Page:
Investigator: Missing plane flew over Malaysia

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In this Thursday March 13, 2014 photo, university students hold a candlelight vigil for passengers on the missing Malaysia Airlines Flight MH370 in Yangzhou, in eastern China’s Jiangsu province. China on Friday urged Malaysia’s government to release any information it has regarding the missing Malaysia Airlines jetliner to help narrow the search area. (AP Photo) CHINA OUT

In this Thursday March 13, 2014 photo, university students hold a candlelight vigil for passengers on the missing Malaysia Airlines Flight MH370 in Yangzhou, in eastern China’s Jiangsu province. China on Friday urged Malaysia’s government to release any information it has regarding the missing Malaysia Airlines jetliner to help narrow the search area. (AP Photo) CHINA OUT

Officer Lang Van Ngan of the Vietnam Air Force looks out the window onboard a flying AN-26 Soviet made aircraft during a search operation for the missing Malaysia Airlines flight MH370 plane over the southern sea between Vietnam and Malaysia Friday, March 14, 2014. Vietnam says it has downgraded but not stopped its search for the missing jetliner in the South China Sea and has been asked by Malaysian authorities to consider sending planes and ships to the Strait of Malacca. (AP Photo/Na Son Nguyen)

Lt. Col Bambang Sudewo, commander of the 5th Air Squadron “Black Mermaids” examines a map following a search operation for the missing Malaysia Airlines Boeing 777 that was conducted over the Strait of Malacca, at Suwondo air base in Medan, North Sumatra, Indonesia, Friday, March 14, 2014. The jetliner vanished nearly a week ago with 239 people aboard. (AP Photo/Binsar Bakkara)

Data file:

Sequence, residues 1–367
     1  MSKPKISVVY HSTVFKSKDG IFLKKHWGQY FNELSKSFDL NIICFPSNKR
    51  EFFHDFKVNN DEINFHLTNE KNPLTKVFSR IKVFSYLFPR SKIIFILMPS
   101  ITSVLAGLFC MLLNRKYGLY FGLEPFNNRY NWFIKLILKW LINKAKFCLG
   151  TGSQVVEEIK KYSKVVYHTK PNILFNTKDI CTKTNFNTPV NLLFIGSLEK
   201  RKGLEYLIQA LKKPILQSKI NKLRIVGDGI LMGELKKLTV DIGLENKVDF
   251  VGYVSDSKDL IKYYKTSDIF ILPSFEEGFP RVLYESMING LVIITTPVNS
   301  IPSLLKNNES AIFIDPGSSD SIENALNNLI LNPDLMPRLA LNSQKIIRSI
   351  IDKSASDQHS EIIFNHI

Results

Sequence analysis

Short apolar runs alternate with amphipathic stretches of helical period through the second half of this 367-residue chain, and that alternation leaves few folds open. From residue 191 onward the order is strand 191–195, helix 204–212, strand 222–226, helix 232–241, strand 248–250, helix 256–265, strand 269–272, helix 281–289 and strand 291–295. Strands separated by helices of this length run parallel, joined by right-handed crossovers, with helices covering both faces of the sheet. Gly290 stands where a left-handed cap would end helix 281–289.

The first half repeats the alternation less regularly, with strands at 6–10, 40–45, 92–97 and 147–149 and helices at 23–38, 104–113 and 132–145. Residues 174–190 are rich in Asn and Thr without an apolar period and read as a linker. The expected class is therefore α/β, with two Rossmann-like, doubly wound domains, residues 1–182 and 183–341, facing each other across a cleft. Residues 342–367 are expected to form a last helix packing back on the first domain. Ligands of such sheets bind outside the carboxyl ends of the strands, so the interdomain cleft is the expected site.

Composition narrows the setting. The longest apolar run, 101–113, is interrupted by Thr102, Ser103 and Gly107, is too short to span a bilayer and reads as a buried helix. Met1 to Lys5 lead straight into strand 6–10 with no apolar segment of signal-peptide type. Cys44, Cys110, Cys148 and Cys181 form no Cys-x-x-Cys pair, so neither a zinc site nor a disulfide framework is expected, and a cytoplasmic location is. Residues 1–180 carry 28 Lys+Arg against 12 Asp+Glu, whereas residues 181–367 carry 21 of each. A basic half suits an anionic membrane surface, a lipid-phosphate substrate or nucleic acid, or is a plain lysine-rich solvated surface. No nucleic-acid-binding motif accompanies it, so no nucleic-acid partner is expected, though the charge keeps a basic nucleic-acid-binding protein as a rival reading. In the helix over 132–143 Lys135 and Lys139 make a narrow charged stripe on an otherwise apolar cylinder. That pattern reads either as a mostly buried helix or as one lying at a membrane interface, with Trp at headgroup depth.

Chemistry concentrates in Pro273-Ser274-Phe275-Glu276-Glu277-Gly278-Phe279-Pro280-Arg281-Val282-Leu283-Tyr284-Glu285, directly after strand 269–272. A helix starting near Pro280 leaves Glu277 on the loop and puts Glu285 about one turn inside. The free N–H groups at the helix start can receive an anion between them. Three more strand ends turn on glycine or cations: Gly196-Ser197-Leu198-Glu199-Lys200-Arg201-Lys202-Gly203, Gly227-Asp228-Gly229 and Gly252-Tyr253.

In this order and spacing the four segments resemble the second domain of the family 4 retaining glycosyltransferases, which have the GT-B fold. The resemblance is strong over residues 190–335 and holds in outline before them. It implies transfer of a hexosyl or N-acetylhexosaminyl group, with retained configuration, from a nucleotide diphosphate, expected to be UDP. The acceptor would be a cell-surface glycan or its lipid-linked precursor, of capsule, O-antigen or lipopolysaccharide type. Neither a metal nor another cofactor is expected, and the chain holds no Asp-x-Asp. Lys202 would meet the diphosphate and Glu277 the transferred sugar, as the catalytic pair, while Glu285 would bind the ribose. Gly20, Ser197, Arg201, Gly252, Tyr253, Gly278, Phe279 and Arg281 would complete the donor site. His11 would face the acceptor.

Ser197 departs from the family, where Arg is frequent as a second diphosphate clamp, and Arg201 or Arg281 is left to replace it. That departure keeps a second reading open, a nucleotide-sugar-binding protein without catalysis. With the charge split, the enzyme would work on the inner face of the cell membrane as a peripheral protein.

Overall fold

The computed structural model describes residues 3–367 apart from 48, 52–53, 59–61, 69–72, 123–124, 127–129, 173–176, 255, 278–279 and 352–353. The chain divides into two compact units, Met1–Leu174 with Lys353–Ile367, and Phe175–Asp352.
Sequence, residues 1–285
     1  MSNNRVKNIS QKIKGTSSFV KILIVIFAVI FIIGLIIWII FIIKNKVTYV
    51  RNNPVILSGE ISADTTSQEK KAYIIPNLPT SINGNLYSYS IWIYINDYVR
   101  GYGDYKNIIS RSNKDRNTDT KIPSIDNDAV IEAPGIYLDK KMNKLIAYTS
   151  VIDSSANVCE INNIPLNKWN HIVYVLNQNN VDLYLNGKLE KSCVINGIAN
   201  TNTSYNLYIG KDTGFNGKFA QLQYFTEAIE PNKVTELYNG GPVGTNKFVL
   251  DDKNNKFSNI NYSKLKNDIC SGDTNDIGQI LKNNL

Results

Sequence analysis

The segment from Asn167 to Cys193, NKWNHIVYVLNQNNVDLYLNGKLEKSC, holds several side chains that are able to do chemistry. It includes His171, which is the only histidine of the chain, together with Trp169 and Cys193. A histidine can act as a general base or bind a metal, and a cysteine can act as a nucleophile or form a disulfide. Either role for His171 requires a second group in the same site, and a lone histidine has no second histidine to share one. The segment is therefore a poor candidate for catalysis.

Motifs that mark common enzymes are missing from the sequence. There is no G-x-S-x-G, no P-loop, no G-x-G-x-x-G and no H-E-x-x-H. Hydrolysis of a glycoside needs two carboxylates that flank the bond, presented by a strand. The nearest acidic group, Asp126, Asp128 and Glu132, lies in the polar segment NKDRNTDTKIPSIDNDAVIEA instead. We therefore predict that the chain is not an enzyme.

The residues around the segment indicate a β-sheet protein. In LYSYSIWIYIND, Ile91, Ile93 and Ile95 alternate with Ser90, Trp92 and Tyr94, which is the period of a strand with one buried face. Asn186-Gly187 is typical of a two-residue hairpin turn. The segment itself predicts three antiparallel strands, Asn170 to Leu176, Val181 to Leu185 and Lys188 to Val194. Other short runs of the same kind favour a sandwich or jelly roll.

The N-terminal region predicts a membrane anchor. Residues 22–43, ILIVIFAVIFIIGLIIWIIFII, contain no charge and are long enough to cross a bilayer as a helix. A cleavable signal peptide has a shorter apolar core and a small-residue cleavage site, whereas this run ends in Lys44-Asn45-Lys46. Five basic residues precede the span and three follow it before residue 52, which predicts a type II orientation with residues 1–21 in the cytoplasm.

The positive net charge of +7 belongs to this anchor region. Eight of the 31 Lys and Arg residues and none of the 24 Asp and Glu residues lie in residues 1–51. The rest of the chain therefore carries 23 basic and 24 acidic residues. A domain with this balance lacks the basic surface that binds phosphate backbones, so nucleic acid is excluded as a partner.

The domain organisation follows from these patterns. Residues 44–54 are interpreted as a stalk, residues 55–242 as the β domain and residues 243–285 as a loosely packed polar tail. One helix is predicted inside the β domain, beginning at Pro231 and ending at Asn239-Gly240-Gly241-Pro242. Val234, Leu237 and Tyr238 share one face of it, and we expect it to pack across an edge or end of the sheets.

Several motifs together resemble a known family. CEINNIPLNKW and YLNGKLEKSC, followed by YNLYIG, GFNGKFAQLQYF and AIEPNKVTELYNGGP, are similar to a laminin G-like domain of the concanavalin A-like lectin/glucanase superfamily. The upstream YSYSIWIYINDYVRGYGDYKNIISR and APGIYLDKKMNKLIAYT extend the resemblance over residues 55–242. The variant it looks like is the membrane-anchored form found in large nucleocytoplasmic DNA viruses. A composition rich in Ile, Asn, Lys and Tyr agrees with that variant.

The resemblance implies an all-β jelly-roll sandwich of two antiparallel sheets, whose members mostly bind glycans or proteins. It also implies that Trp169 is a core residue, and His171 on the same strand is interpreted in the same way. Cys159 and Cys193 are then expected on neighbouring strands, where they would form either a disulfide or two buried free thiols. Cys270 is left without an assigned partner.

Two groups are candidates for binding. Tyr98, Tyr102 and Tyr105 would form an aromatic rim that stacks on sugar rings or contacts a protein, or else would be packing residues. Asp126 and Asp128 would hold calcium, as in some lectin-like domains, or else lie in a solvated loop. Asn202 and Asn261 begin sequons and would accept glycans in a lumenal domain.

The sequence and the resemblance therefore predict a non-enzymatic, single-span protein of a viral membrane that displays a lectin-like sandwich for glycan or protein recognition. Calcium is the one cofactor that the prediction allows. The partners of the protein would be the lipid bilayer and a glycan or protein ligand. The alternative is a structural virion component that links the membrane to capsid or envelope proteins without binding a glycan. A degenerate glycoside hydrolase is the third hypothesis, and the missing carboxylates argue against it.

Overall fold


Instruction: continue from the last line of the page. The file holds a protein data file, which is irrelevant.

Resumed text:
A crying woman, one of the relatives of Chinese passengers aboard missing Malaysia Airlines Flight MH370, is assisted by volunteers as she leaves a hotel ballroom where families were briefed on rescue and searching efforts in Beijing, China, Friday, March 14, 2014. (AP Photo/Alexander F. Yuan)

A message card reading “MH370 comes back safely” is tied up for passengers aboard a missing Malaysia Airlines plane, outside a shopping mall in Kuala Lumpur, Malaysia, Friday, March 14, 2014. A U.S. official said that the missing Malaysia Airlines flight MH370 pinged a satellite for four hours after it went missing, indicating that it may have stayed in the air long after its last contact with the ground. Malaysian authorities are widening their search westward, toward India, as a result. (AP Photo/Lai Seng Sin)

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KUALA LUMPUR, Malaysia (AP) — Investigators are increasingly certain the missing Malaysian Airlines jet turned back across the country after its last radio contact with air traffic controllers, and that someone with aviation skills was responsible for the change in course, a Malaysian government official said Friday.

A U.S. official said in Washington that investigators are examining the possibility of “human intervention” in the plane’s disappearance, adding it may have been “an act of piracy.” The official, who wasn’t authorized to talk to the media and spoke on condition of anonymity, said it also was possible the plane may have landed somewhere.